I was driving home from the grocery store today and saw a mother and what I presumed to be her high school daughter decking their home with lights, bells, holly, and even faux Santa Claus figures. It was one of those excessively done jobs (a la Lampoon Christmas Vacation)--so much so that I sensed the teen's chagrin. I wonder if that's why her back was always turned to the street--never exposing her face, her identity. It was wasn't it? So she wouldn't be seen by her fellow school mates driving past. I would have done the same. It wasn't cold enough for a full on, burglar style, ski mask.


11/26/09--Thanksgiving Break.

Ah. Thanksgiving. The holiday for the aunts who concoct a lumpy, oily over salted sludge called "Gravy". Well, not in this family. My momma knows how to whip up a creamy, perfectly seasoned, rust hued sauce, perfect for moisturizing the often dried out bird (or hypodermic needle infatuated with a junkie's dosage of Tryptophan--ours was not dried out by the way). Our Thanksgiving spread provided for a plethora of good eats. From 'Roasted Fennel Soup with Hazelnuts and Cranberries' to a 'Grilled Turkey filled with a Granny Smith Apple and Sage Dessing' and the infamous influx of root vegetables (from the cinnamony turnip to the sweet n buttery butternut squash). I popped into the kitchen and satiated my culinary longing by fixing up an appetizer of 'Brie, Pumpkin Seed, and Cranberry Mousse on Wheat Toastlets with an Ambrosia Apple and Red Pearl Onion Chutney and a Fig-Wildflower Blossom Honey Aioli. Dessert? Pumpkin Pie. Pecan Pie. Sour Cream Pie (a family recipe...you would not understand it's wonder) moisturized with a cup of coffee dosed with Bailey's. Yum, Yum. The ambiance was set with with a warm, blazing, wood fire set in the slate stone fire place which my dad laid and tended with his pyro prowess. The Hoover's homestead is the place to be ya'll.
My phone was an inhibitor of family relations, so my sister stole my cellphone from me and is currently unwilling to give it back. Frankly, I am happy she did and hope she holds onto it for a few more days. Throw it in the ocean for sometime. Drown it in the bath tub. Tie it to the back of the Ford and take it on a disparaging trek through the multifaceted terrain; crack its screen, deafen it's ear piece and muffle it's microphone. Take me back to a simple life devoid of mundanely robotic ringtones full of their anticipatory retaliations.
None the less, my Thanksgiving started off on a high note. Why you ask? My cousin rolled into my parent's house slinging a holstered digital video camera with memory cartridges full of his 3-year-old daughter singing 'Saturday' and 'Secrets'...enough to leave me feeling full of joy...leaving me hopeful...leaving me satisfied... (as a chocolate flourless cake might--minus the guilt) and giggling like a piglet from her sheer adorableness. I was wholeheartedly impressed. Marketing wise? I wish I could bring her on tour with me--she could probably sell more CDs then I currently do. Kids are awesome. Let's leave it at that.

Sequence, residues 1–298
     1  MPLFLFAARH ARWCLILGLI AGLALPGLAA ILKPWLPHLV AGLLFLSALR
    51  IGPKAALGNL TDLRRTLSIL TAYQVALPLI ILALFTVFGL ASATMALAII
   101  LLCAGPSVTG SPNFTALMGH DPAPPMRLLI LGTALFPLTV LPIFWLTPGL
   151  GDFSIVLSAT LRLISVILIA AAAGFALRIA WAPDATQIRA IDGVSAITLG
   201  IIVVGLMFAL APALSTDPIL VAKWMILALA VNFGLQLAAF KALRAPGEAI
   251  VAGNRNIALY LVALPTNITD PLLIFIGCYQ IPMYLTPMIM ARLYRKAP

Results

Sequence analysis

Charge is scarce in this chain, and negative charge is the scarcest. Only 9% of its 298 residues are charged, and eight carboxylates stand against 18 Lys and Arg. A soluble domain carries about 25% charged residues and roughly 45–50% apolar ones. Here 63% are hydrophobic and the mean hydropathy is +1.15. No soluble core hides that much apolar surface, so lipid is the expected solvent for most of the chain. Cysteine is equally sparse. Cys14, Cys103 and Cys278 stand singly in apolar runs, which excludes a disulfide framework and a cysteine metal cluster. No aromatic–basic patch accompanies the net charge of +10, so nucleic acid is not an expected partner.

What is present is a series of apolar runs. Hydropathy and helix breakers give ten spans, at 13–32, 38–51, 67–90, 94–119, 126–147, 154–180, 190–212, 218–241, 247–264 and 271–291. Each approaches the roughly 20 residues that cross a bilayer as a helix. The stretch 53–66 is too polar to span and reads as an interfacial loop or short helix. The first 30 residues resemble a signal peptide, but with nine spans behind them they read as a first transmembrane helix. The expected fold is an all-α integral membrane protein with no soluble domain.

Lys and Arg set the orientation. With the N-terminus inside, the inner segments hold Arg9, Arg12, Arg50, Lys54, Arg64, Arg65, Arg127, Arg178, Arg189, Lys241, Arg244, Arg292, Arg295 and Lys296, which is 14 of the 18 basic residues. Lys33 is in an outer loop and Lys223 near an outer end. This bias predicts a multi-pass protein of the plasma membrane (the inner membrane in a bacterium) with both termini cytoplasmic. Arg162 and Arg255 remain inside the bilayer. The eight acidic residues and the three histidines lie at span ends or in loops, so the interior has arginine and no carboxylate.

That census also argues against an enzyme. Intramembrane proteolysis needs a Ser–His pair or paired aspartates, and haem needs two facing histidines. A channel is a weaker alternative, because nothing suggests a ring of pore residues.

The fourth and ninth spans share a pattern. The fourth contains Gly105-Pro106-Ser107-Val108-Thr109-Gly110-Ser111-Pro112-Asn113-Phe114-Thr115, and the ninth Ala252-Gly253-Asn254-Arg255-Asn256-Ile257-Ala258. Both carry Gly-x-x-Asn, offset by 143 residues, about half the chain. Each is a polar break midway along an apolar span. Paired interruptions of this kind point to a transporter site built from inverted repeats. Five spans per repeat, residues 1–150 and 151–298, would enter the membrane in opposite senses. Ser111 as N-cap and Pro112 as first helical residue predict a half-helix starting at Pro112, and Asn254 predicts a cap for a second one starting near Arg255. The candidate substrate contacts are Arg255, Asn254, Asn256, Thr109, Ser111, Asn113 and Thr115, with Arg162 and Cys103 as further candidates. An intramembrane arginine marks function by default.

Here's to a less technological me (ha, yet here I am writing a blog)...a less technological you...a less technological us...let's be thankful for one another. Bring me back to the day of the ink filled quill pen and the previously readily available (and quite romantic) post card.

Happy Thanksgiving.


Song of the day?
Fuck that. Anything by Paolo Nutini will do today (tonight)...enjoy.


11/21--A Day In The Life: Tour Blog #6

The show at Cicero's in St. Louis, MI ended on a high note. The boys wanted to make the 12 hour trek down to Louisiana that night, post show, instead of using the following day off to do so. I understood this move. If I had a day off followed by a show in my hometown the day after, I would want to maximize my time at home, especially after having been on the road for just short of a month.
When we arrived in Baton Rouge, LA just after 12PM, I checked into a Marriott hotel. After sleeping on hotel room floors and the back seat of a turbulent van for much of November, I was worn pretty thin and needed my space to recharge my weary body and mind. First sign of exhaustion: your legs feel as if they are controlled by another force other than your body. Check.
Barely having put my bags and guitar on the floor of room 504, I took a hot shower as spending 12 hours in a van with five other guys tends to give you a musty stench of pure masculinity. I slipped on my old Miami University sweatpants and faded fast into a dream riddled slumber. Weird dreams actually. Dreams involving the hotel I was in, dreams suggesting the haunted reality behind this establishment. I remember glimpses of a cadaverous child no older than the age of 10. His pallid face was made to look more creamy due to his matted black hair and his wardrobe--tattered church clothes--an old black woolen jacket and knickers.
After sleeping off much of the afternoon, I spent the remainder of the evening in the Marriott's lounge reading and eating a nourishing meal of Cobb Salad (mixed field greens with hard boiled eggs, applewood smoked bacon, avacado, grilled chicken and Maytag bleu) and Louisiana's own chicken gumbo as well as a glass of jammy Pinot Noir; strawberries and black cherries filled its bouquet.